The Big Screen Comedies of Mel Brooks

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McFarland, 2002 - Performing Arts - 263 pages
Mel Brooks is often regarded as one of Hollywood's funniest men, thanks to such highly successful films as The Producers, Blazing Saddles, and Young Frankenstein. Both critics and fans have, however, noticed that his films have a tendency to turn out much like the jokes that comprise them--hit-or-miss, one minute shoot-the-moon brilliant and the next minute well short of laughs.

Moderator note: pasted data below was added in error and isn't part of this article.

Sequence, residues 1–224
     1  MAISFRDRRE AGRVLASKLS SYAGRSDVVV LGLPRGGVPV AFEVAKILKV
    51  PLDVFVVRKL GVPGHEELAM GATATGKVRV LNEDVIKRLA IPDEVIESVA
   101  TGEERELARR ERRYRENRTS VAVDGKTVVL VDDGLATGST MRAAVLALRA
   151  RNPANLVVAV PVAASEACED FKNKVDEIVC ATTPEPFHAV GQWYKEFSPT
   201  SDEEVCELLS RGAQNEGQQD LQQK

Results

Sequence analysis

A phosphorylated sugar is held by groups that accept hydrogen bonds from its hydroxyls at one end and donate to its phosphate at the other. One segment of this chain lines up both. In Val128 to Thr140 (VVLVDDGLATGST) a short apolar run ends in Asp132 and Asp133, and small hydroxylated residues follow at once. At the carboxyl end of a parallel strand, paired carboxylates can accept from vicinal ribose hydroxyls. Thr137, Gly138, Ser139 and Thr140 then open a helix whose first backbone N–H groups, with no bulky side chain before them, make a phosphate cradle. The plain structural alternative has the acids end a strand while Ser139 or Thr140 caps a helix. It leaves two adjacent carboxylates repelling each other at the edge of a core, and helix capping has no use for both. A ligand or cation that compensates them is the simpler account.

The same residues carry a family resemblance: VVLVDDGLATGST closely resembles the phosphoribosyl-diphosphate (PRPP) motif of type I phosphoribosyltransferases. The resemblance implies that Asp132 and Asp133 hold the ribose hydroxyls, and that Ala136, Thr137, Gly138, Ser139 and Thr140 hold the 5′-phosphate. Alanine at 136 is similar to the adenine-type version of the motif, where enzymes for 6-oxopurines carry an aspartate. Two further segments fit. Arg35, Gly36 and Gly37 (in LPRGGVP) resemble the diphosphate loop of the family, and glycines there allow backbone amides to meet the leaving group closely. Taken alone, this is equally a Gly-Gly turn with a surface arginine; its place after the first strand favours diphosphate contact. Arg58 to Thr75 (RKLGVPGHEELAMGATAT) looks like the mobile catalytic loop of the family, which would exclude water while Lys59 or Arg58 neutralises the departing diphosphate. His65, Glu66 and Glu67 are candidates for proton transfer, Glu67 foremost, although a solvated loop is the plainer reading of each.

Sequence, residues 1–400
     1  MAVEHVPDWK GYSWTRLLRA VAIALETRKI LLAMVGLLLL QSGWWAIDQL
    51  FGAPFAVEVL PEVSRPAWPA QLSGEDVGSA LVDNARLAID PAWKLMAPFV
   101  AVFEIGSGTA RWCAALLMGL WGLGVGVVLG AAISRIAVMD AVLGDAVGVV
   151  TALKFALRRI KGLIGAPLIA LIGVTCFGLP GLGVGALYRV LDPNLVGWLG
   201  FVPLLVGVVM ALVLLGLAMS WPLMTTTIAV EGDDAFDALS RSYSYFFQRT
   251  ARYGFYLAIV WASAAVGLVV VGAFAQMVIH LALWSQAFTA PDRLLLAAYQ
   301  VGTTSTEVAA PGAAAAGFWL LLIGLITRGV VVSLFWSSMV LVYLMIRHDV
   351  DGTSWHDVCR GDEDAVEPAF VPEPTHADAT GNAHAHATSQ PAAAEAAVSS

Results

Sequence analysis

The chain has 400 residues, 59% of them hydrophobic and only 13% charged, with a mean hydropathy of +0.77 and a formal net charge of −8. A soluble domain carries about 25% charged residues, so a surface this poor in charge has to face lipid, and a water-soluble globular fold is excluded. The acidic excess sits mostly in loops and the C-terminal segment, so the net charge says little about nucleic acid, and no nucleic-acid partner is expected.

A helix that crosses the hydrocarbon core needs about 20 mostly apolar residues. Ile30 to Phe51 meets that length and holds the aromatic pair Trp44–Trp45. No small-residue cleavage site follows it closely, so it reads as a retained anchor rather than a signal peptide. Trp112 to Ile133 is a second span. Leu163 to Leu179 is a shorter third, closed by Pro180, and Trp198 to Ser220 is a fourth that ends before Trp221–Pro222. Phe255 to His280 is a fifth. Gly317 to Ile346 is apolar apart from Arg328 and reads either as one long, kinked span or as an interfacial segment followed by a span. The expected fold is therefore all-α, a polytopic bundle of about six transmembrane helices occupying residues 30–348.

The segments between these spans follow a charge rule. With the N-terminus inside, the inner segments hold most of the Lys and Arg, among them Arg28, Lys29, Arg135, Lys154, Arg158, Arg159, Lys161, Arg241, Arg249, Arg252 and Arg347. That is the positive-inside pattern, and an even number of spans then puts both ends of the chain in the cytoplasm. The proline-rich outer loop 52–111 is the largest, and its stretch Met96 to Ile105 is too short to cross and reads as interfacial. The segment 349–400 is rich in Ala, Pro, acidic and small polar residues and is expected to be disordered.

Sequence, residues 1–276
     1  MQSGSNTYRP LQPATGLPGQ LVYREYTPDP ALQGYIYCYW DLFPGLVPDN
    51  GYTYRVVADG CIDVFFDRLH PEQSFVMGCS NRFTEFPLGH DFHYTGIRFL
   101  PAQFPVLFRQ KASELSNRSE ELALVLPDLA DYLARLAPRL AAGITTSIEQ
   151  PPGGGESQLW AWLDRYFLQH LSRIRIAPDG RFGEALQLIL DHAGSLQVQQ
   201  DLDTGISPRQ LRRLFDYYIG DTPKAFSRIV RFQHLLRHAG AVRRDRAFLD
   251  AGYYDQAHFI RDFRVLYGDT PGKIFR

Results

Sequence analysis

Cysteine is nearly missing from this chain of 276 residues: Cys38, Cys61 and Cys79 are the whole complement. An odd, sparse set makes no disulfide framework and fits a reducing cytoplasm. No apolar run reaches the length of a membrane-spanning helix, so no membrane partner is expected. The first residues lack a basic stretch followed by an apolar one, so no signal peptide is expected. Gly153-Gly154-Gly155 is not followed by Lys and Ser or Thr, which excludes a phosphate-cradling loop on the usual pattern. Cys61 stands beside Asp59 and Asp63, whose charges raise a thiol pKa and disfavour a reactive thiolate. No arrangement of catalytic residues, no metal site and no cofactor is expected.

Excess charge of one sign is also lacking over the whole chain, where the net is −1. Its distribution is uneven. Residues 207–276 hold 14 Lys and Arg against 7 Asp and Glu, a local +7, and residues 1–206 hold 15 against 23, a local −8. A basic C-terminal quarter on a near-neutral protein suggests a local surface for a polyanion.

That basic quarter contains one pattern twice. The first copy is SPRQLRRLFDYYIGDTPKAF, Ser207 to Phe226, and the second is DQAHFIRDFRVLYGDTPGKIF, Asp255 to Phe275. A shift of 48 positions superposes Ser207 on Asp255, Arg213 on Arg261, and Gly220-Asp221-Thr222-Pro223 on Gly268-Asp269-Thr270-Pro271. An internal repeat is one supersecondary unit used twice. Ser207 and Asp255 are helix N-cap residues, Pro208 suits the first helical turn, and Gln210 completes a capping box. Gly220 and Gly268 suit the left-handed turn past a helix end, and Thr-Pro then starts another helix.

This work is devoted entirely to Mel Brooks' work, good and bad, as a writer and director of big screen comedies. It provides a thorough synopsis and thematic analysis for each of his twelve films: The Producers (1968), The Twelve Chairs (1970), Blazing Saddles (1974), Young Frankenstein (1974), Silent Movie (1976), High Anxiety (1977), History of the World--Part 1 (1981), To Be or Not to Be (1983), Spaceballs (1987), Life Stinks (1991), Robin Hood: Men in Tights (1993), and Dracula: Dead and Loving It (1995). The analyses include consideration of each film in relation to his other films to find common themes. Complete cast and production credits are provided for each film.

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